June 8, 2005

Organizing and Reforming State Labor

Marc Comtois

Governor Carcieri and the union leaders of Council 94 of the American Federation of State, County and Municipal Employees have accepted the compromise suggested by by conciliator Margaret L. Hogan last month. In short

Council 94 members would get 4-percent raises this year and next, and 3-percent raises for the two years after that. In turn, they would begin paying 2.5 percent of their base pay toward their health-care premiums, plus half a percent of salary add-ons such as overtime or longevity pay.
A couple union leaders voted against the proposal
Stephen Robertson, president of Council 94's Local 2448, was one of the two union leaders who voted against the deal.

Robertson, who represents nearly 500 Department of Administration employees, said he believed workers were being asked to pay too much toward their health care. He also said it was "inherently unfair" to take a share of things such as overtime pay, and called the raises "anemic."

One wonders whether that is just spin or not. The bottom line is this: the Governor succeeded in getting the the union to acknowledge the concept of health care premium co-sharing. Yes, the net effect of the compromise is still an overall increase in wages and benefits to the employees (4% raise - 2.5% co-share= 1.5% net increase, roughly speaking), but, at least at first glance, the Governor has won the conceptual battle. Hopefully this will become the norm throughout the state. In the meantime, the Governor has to gird himself for a coming battle over the unionization of day care providers.
The House Labor Committee voted yesterday, with little debate, to approve a bill that would allow home-based child-care providers to unionize and require the state to negotiate with them over the terms of their work.

The proposal does not limit what could be negotiated. But it does declare that the providers, generally women, are not "employees of the state for any purpose" and also bars them from striking.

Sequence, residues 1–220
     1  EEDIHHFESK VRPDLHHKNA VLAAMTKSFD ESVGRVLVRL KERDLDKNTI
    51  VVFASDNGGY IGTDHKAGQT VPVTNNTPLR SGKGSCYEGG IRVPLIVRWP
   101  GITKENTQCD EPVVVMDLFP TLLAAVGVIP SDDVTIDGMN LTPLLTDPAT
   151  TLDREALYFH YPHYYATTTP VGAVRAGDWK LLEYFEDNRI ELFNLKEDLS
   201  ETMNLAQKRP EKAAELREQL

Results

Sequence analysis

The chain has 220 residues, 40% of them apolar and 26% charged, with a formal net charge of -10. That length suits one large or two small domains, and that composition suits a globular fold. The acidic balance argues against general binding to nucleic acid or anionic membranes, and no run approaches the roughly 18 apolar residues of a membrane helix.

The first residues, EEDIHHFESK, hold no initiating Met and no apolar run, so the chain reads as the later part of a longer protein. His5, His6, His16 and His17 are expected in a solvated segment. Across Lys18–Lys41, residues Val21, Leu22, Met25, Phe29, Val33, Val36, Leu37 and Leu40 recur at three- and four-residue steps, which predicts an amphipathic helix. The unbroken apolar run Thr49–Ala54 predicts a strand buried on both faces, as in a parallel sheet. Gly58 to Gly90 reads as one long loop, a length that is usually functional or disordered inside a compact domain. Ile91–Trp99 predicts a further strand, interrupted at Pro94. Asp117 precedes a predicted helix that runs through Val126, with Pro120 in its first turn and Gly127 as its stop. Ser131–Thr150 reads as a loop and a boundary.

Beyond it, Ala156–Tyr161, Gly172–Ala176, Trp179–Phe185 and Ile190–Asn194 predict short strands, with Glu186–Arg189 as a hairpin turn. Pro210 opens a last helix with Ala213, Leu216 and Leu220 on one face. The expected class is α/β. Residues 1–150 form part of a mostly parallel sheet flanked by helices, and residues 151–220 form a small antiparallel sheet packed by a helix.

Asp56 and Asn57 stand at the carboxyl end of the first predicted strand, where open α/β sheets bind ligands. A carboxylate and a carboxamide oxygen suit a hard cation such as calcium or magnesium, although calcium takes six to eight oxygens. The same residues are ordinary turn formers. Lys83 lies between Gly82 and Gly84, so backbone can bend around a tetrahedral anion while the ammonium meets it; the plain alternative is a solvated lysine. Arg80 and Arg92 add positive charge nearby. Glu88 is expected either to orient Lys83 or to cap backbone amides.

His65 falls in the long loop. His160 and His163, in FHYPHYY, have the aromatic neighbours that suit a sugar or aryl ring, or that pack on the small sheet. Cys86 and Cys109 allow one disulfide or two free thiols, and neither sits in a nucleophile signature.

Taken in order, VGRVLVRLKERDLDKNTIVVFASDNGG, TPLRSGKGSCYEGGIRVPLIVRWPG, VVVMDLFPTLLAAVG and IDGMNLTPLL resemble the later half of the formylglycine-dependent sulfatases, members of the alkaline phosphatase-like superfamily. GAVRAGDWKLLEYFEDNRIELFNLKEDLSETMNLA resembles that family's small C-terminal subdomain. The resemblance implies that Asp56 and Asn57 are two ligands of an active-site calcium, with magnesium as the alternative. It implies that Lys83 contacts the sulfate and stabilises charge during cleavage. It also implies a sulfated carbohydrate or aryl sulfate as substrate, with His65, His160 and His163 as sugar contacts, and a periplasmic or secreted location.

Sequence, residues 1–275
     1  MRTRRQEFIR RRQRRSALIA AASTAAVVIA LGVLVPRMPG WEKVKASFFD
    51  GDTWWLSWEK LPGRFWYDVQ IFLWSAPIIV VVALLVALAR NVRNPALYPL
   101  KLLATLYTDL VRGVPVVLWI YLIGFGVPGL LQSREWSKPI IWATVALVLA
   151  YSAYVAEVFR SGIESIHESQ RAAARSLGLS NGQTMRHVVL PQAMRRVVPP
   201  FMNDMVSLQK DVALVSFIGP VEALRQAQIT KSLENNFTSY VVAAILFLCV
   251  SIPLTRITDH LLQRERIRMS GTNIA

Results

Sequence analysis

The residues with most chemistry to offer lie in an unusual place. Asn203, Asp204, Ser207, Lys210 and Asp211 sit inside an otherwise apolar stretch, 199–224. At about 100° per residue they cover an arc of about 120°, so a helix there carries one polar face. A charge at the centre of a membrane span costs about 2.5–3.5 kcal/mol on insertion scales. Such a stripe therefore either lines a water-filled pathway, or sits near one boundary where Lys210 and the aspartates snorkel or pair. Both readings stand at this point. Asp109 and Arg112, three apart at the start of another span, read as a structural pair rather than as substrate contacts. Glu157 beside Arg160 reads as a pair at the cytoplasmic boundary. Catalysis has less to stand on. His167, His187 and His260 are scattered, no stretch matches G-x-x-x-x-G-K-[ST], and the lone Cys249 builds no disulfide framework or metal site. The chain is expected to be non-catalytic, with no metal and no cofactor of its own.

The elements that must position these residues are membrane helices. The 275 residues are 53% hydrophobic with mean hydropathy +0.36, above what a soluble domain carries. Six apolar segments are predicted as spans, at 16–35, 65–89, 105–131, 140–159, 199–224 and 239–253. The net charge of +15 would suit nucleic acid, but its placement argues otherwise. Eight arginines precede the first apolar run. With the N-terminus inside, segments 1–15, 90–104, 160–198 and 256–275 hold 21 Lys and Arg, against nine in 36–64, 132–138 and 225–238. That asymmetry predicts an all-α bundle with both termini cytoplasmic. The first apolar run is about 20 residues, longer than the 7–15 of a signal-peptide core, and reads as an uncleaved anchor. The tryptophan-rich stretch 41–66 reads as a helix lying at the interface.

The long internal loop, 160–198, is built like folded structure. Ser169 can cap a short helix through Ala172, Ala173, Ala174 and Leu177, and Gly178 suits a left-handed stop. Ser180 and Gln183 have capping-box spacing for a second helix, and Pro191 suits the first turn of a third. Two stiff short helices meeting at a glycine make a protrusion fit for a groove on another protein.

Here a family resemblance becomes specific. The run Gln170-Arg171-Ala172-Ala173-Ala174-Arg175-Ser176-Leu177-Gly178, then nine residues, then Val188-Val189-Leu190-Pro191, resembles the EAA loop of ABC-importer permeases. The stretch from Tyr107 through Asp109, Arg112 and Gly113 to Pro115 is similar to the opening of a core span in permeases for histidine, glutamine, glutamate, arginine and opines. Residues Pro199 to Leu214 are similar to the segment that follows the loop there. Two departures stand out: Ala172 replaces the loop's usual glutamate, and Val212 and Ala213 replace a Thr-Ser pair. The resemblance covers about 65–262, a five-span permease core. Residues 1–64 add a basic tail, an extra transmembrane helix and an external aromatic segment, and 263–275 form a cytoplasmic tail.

According to this press release regarding the "Family Child Care Providers Business Opportunity Act, the Act:
would allow certified and non-certified child-care providers who participate in the Starting RIght Child Care Assistance Program (CCAP) to collectively bargain with the state over the terms and conditions imposed upon them through state regulations. CCAP is a state program that provides subsidies to working families for child-care.

The legislation, which is supported by the child-care providers, is a compromise that would give them some bargaining power over the many regulations affecting their industry, without classifying them as state employees. The legislation is the results of months of conversations between the caregivers, legislators and the New England Health Care Employees Union District 1199, which has been providing support for the workers’ efforts.

It appears to be a real compromise in that it allows union membership to grow, but keeps them from being state workers. Now, whether or not the workers actually have to unionize to achieve their goals is another matter entirely, but the fact is that they have seized upon just that as the best way to organize and legitimize their collective power. With a heavy Democrat, pro-union legislature, was there ever any doubt that they would eventually get the support they requested? At least we can be thankful they won't be government employees!


Gov. Carcieri has changed his mind. In previous statements he seemed to allow that the child care workers had every right to unionize, but they shouldn't be considered state employees. With the latter no longer looming, he's focusing on the overt union power grab that is going on.
Governor Carcieri yesterday reiterated his plans to veto legislation that would allow home-based child-care providers to unionize calling it a "full-scale assault on Rhode Island taxpayers by the unions."

"It's not about what is best for the taxpayers or for the kids," the Republican governor said in a statement. "It's really about the power of labor unions in the State House. The union behind this legislation cares about one thing: increasing membership and dues."

That's probably true. The Governor will try to veto the bill, but it will eventually be pass into law with so much legislative support. Just another example of who holds the power in the state. It's not the legislature, its the unions. Keep that in mind when the General Assembly offers its version of pension reform. Don't expect too much.